Kate is a divorced mom living in San Francisco who wrote to me about her chronic money anxiety. "I'm always worrying about not having enough at the end of the month, saving for retirement, getting my spending in line. I handle the basics like paying my bills (although I dip into my savings to make the mortgage) and balancing my accounts, but the truth is I ignore the rest as if it'll all take care of itself."
Actually, though, Kate was in pretty good financial shape. She had a sizable retirement fund, money saved for emergencies, a well-paying job, very little debt, even a financial planner. What she didn't have was a positive association with handling money.
Kate was suffering from a silent epidemic -- financial avoidance -- and it was causing her a lot of unnecessary stress. It's a common problem, for which there are any number of reasons. Maybe Dad handled all the money in the household; maybe finances were a source of fear or frustration in your family; maybe you feel overburdened by debt so the idea of even opening your bills can feel like a terrifying act.
Whatever the reasons, the consequences can be serious. Although Kate thinks her anxiety is about not having enough money, it's really about something much deeper: a lack of personal power -- the kind of power that comes from pulling your head out of the sand, taking full responsibility for your financial health, and becoming a good steward for the wealth you already have.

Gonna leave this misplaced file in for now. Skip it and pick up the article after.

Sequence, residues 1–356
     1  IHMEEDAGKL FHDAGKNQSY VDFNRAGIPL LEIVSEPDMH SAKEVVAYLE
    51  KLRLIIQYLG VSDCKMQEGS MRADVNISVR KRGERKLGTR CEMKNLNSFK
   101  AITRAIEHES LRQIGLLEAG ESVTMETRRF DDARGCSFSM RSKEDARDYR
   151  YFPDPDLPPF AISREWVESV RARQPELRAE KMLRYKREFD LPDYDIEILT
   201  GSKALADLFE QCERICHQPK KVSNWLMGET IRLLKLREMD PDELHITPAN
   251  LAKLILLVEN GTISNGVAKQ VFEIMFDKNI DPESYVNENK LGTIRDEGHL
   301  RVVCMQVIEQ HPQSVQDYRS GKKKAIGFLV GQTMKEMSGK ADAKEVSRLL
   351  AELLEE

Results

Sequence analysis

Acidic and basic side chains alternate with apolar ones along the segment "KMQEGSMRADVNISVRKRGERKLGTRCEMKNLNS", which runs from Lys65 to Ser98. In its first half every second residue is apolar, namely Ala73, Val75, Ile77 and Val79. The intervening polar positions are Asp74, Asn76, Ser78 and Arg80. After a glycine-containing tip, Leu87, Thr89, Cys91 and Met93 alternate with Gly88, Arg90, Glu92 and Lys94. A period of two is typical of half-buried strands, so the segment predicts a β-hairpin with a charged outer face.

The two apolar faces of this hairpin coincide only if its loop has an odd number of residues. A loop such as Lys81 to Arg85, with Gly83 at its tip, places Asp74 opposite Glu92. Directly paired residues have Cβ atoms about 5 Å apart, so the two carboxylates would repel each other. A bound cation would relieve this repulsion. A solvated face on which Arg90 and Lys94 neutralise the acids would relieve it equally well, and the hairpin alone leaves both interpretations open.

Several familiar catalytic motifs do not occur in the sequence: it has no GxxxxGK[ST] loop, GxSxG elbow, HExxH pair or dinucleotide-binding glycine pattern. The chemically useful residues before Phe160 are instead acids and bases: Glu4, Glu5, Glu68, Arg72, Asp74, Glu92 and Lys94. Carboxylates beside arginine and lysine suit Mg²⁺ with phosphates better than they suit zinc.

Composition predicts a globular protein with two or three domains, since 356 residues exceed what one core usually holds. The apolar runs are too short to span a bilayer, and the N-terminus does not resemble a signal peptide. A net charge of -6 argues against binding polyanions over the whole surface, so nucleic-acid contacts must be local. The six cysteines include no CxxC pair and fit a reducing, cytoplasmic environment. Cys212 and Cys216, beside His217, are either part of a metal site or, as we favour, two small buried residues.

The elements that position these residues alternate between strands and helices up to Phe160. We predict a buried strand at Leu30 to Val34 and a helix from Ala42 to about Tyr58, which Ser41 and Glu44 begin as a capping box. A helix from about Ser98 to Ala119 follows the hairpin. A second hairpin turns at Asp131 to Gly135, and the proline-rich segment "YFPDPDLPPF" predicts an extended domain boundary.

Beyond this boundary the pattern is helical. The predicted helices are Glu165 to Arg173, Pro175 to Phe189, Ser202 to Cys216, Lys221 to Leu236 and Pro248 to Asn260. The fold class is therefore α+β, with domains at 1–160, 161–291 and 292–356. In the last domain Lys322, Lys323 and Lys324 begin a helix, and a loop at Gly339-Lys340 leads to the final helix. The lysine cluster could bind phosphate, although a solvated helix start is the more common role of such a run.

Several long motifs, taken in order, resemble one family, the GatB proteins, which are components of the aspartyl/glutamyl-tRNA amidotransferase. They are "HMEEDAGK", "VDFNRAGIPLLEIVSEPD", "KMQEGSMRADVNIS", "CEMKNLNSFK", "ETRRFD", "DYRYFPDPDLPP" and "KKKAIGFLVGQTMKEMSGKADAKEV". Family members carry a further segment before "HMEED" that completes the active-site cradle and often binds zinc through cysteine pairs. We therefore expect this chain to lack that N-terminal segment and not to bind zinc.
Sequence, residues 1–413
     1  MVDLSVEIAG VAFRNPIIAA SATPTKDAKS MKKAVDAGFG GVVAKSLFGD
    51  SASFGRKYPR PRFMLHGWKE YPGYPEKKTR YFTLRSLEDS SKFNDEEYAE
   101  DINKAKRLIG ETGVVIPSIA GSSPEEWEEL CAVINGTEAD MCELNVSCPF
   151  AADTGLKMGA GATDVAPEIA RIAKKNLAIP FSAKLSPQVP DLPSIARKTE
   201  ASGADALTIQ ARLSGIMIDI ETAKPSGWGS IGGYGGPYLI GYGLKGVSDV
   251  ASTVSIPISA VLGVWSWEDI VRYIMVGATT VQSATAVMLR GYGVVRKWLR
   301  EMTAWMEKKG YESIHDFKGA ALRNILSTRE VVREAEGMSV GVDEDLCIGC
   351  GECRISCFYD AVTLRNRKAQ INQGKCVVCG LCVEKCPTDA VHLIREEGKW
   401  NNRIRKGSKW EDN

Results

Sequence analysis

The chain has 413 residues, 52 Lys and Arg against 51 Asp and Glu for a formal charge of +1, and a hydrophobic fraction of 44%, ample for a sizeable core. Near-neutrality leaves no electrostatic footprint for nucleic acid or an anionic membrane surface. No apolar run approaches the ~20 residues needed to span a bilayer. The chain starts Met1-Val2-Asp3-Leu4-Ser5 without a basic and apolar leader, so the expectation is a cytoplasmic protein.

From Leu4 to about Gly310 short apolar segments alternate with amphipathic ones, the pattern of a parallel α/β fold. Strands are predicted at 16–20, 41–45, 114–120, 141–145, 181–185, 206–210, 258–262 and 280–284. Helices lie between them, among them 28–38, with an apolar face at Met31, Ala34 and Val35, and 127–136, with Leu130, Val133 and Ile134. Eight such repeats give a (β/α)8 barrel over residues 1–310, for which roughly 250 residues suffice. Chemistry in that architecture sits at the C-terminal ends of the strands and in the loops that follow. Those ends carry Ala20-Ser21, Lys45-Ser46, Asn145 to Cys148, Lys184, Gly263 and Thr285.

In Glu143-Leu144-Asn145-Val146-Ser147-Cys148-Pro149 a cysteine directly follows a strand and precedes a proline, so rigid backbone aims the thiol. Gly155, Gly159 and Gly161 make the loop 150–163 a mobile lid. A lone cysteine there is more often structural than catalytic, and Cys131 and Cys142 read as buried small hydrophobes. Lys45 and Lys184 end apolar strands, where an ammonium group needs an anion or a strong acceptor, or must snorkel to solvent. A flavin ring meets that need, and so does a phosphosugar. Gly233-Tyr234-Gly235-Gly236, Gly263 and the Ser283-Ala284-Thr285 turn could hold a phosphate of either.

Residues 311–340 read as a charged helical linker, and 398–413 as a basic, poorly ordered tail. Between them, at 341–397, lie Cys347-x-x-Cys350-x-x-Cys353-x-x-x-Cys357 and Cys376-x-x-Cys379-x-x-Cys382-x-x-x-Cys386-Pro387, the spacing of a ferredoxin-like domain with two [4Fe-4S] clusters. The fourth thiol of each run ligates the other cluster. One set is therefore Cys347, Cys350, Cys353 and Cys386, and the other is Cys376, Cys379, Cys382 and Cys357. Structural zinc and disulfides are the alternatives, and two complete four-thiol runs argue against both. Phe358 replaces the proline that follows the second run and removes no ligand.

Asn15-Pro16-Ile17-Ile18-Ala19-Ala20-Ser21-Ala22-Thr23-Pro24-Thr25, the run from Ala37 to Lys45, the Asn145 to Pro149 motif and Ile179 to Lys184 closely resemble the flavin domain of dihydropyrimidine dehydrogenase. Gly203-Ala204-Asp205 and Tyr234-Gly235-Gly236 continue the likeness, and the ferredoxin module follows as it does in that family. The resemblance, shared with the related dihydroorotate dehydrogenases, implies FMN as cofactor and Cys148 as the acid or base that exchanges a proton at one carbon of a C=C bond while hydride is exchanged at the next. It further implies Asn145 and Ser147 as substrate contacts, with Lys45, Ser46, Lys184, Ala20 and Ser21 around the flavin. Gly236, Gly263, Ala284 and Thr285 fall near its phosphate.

Doing so allows you to pursue your goals and dreams. It also lets you avoid being held hostage by debt, feeling powerless to leave a dead-end job or marriage, reaching retirement without adequate savings, or living with chronic self-blame -- all of which rob us of the power to live authentic, satisfying lives.
It was time for Kate to take action -- the only way to reclaim her power. Armed with a doable three-part plan, we tackled the challenge.
Facing the truth about your financial situation is what sets you on the path to financial (and emotional) freedom, so Kate would need to take a detailed inventory of her assets, her liabilities, and her spending habits.
But since she felt anxious just thinking about her finances, let alone looking at them, it seemed crucial for her to first create a more positive association with money before tackling anything else. I asked her to make a list of 20 ways to make it more enjoyable to deal with everything from paying bills to balancing her accounts. A few of the items on her list: